I always like to start off by getting the backstory. Can you give a brief summary of where you come from, and how you found your way to writing/art/design?
Graphic design was an early interest from teenage fan websites to MySpace layout designs. I earned my degree in 2009 and entered the workforce doing a range of creative jobs, but kept my own bits and pieces of scribbled words and visual art as a personal outlet, sharing to Tumblr and other platforms. After years in advertising and media, the hobby overtook my day job, and now it's all I do – books and publishing projects, a gift and accessories brand, social media posts, and creative collaborations with other businesses. But it's all me. ADAMJK is the brand name, but it's also literally me, Adam J. Kurtz. I've never had a separate brand name or any real disconnect from me, the human person. For better or worse…
Your style has a lot of nuance— “honesty, humor, and a bit of darkness.” Was that combination something you discovered, or were you born with that??
I think it took me a while to figure out what I actually bring to the table. So often we see our thing as just, a thing that we do, a skill we have, no big deal because it comes so naturally. Over time I've allowed outside influence and perception to convince me that actually, being able to dig inside a bit, to find a funny silver lining in something scary and pull something real out of it, might be special. I am processing my own lived experience the way I understand how to, in the form of a workbook activity for others, an encouraging one-liner, or a tangible object to communicate through. Laughing at the darkness and being too self-aware feel like very Jewish personality traits, so maybe there's an element of nature and nurture there.
How has your vision evolved over time?
In my early 20s I really wanted to be cool, and I think the older I get the more I can let go of that. Maybe my idea of what's cool changed. I've worked to redefine success for myself, and though I kept the leather jacket, I'm much more comfortable executing extremely cute little bits and pieces. Some of it might be tongue-in-cheek, but some of it is just pure hope and the color pink. At the same time, I'm realizing that it's not just about the way I cope in life, but the way that others who are wired similarly might. Rather than win over 100% of people, I try to think about the 5-10% of people who are fucked up and scared in the same way that I am, who might be encouraged or soothed by the same blend that helps me.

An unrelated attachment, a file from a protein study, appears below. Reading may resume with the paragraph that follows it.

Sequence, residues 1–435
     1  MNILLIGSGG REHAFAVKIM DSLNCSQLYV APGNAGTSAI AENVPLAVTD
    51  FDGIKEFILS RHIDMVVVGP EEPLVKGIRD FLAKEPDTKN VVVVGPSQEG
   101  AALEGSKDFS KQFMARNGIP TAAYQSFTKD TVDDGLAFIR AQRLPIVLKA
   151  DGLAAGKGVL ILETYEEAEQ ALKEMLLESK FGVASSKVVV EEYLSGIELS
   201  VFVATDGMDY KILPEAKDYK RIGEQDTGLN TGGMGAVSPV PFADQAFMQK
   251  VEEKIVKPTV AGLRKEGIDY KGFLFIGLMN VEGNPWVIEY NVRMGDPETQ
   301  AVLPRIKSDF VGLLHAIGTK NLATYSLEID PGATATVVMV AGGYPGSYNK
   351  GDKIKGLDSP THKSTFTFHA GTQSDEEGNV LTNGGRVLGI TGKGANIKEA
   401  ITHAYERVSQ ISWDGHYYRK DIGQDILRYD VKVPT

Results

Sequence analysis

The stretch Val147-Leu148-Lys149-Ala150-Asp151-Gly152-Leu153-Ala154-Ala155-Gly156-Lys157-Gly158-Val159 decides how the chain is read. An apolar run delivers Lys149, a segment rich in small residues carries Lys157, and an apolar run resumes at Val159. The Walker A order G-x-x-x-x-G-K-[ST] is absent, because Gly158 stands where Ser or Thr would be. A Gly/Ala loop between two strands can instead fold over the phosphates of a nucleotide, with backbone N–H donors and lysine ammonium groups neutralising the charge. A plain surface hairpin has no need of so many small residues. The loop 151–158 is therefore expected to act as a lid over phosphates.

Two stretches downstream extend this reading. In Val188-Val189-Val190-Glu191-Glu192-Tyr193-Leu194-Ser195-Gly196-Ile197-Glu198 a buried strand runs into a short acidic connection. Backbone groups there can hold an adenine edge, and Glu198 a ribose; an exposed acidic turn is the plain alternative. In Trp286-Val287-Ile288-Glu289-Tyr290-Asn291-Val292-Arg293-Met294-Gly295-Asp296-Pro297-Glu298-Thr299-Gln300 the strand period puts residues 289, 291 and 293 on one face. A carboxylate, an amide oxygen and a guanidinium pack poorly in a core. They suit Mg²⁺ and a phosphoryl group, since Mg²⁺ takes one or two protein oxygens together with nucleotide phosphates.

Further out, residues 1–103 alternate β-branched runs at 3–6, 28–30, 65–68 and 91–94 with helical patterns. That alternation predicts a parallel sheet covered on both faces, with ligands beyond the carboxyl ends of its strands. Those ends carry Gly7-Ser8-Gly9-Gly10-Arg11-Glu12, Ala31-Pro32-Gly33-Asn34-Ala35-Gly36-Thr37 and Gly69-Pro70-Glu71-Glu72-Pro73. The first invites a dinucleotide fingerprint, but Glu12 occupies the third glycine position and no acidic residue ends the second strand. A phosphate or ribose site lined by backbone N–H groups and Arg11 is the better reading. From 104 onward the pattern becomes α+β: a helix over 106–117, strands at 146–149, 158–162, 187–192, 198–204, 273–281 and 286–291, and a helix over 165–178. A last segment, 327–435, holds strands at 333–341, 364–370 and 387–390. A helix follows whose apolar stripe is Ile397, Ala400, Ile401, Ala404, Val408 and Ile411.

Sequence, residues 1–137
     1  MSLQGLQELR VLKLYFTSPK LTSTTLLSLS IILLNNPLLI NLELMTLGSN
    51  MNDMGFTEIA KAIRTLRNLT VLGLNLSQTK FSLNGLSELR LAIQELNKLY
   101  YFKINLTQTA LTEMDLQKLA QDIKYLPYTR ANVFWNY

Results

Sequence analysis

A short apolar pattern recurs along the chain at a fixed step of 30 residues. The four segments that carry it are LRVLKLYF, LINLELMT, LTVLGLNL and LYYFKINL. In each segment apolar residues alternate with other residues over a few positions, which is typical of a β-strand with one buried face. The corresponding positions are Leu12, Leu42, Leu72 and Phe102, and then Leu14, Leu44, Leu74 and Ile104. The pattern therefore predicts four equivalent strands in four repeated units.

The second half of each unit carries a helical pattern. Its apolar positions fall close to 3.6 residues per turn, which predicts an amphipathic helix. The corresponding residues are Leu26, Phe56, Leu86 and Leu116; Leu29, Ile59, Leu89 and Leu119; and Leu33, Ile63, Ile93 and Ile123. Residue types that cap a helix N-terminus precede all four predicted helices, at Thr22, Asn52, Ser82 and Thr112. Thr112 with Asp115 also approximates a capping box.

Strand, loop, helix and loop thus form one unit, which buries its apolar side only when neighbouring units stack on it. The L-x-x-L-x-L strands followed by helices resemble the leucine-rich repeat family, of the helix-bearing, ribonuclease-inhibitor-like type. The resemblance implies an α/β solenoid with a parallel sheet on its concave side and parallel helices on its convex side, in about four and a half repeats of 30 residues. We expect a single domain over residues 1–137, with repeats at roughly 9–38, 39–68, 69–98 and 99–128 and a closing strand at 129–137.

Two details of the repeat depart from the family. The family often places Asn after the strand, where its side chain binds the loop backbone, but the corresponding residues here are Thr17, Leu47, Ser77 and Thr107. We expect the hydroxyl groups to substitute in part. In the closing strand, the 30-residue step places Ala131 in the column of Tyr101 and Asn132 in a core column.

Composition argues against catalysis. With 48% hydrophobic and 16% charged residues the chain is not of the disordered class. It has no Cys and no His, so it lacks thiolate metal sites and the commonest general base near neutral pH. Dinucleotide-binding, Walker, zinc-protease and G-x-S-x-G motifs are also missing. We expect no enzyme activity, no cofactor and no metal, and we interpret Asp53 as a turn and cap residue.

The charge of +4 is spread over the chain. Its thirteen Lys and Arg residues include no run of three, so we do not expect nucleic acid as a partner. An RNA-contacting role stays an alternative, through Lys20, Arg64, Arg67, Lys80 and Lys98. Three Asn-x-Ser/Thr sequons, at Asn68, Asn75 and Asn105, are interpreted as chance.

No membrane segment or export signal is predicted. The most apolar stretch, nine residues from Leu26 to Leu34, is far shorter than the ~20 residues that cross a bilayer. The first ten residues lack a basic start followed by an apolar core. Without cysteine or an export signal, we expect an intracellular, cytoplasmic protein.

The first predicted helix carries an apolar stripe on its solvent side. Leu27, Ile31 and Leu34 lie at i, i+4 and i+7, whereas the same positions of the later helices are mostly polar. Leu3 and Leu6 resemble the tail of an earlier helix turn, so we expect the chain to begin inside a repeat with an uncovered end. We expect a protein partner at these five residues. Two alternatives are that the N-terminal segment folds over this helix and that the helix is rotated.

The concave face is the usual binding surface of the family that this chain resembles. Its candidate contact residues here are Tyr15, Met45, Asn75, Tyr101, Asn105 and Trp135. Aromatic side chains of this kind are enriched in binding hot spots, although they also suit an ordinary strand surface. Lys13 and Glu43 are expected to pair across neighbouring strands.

Ha-ha! I love that. Beyond the honesty and the dark humor, there’s a dash of optimism, too. Where does that positive messaging come from?
Optimism is great, but "happy thoughts" are hard to hold onto when you're in the darker parts of your mind. I try to lean into realistic, objective truths, that are optimistic but functional because they're undeniable. "Good things happen," for example, is a fact. Good things do happen. They happen all the time. They've happened to us before. They're happening to someone right now. Knowing this objectively is a reminder that there's more to come, even if it feels impossible at the moment. I'm just trying to keep going, and I need a little help sometimes, and I think other people do too. Sometimes I get a little too saccharine (don't think I don't know!!!!!) and then I'll try to cut it with extra shitty handwriting or a bit of cursing to disarm. CHEER THE FUCK UP is a good example, where obviously someone else telling you to cheer up is useless, but laughing at this pin on your own jacket might just help.
How (if applicable) has your messaging changed? It all seems so current, are you constantly coming out with new work?
Sometimes I am making something and putting it on Instagram minutes later. Sometimes I feel something so strongly, in relation to current events (especially when it comes to LGBTQ issues) where I can't help myself and I just need to do a cute handwritten scream, essentially. But by now I've made so much stuff that I've got something for anything. People who use my art therapy journals, for example, are always relating to me in unexpected ways, because the words and work apply to so many experiences, so many moods and feelings and moments that we can all connect with. People will whisper things to me at book events and I'm just like… oh wow, ok, that's very honest and not at all what I intended, but I'm glad you're finding what you need in here.
Why is humor such an integral part of your brand? And what does humor offer in these trying times?